Oldman (51/no) – 26APR2013 – Country Music (Nashville TN)  RESULT = ______

        PaulyGram (46/yes) – 27APR2013 – Illinois Marathon (Boston MA) – Goal = BQ  RESULT = 2:59:00"

         

        I think you just need to channel some of PaulyGram's mojo.  Good luck with whatever you decide. Hope you feel better soon!


        Obligatory runner.

          I'd run it and maybe take it easy . . . unless I felt good on race day, in which case I'd run it and tear up the course!

          Honestly, I have had, on a few occasions in my lifetime, some of my best athletic performances when I felt lousy and had low expectations going into it. Sometimes the lousy feeling went away suddenly, other times it gave me something to focus on mentally which helped me tune out other distractions.  I wouldn't rule out running until race day morning. If you still feel yucky, but good enough for an easy effort, then take it easy. (If your recovery indicators say Train Don't Strain or lower, I might consider skipping the race entirely.)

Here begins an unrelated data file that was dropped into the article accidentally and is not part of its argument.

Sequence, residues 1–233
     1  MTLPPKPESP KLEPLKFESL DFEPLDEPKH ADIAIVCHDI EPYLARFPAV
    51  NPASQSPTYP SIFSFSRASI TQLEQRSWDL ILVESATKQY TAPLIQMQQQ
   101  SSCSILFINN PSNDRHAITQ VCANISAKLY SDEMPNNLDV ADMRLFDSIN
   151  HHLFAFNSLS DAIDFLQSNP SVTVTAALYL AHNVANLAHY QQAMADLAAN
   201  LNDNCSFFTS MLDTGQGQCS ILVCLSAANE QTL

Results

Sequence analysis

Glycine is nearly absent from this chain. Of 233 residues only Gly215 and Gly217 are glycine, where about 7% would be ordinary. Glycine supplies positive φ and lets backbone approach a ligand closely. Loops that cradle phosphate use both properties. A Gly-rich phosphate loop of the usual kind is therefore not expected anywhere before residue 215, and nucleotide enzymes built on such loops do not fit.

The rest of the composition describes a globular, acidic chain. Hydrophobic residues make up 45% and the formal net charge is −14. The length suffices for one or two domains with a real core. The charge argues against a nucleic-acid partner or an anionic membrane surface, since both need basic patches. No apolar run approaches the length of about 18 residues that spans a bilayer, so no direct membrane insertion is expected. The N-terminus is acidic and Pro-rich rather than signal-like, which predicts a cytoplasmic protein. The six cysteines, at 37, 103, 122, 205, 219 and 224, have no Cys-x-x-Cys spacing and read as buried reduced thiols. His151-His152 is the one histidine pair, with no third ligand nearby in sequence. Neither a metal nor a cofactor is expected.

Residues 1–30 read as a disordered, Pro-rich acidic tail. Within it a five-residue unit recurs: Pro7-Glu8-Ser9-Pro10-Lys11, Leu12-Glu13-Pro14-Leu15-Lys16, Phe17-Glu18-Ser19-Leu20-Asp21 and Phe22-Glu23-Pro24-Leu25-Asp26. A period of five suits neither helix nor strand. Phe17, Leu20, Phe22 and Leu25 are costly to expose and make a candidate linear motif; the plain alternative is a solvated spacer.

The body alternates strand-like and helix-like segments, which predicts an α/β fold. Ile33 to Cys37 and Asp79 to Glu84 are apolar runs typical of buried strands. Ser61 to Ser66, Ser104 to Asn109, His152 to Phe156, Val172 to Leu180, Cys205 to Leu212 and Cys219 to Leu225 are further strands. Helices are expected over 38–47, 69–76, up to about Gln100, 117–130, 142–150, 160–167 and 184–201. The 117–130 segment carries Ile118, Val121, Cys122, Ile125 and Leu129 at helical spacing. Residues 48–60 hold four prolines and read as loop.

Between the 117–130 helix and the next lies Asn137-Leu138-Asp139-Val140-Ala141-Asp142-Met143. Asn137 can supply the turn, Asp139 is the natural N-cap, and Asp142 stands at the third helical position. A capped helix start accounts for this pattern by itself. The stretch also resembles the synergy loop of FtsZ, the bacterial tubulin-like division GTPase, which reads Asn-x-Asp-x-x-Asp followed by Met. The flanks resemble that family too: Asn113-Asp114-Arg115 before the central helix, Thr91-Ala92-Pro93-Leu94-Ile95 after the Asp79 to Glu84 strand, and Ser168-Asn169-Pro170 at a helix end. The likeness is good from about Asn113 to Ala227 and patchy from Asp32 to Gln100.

Ok, the "sensible" answer is, If in Doubt, do Less. I know. But racing is fun! Waiting until October would be horrible!

           

          Thanks SubDood! I'll see how I feel on Sunday. I know what you mean about feeling lousy and then being surprised - it's happened to me too. Sometimes it's good to have no expectations.


          Boston Strong in 2014!

            What would you guys do - would you skip the half, or run it but take it easy? I anticipate feeling better by the weekend, but I'm concerned about coming down with another cold next week.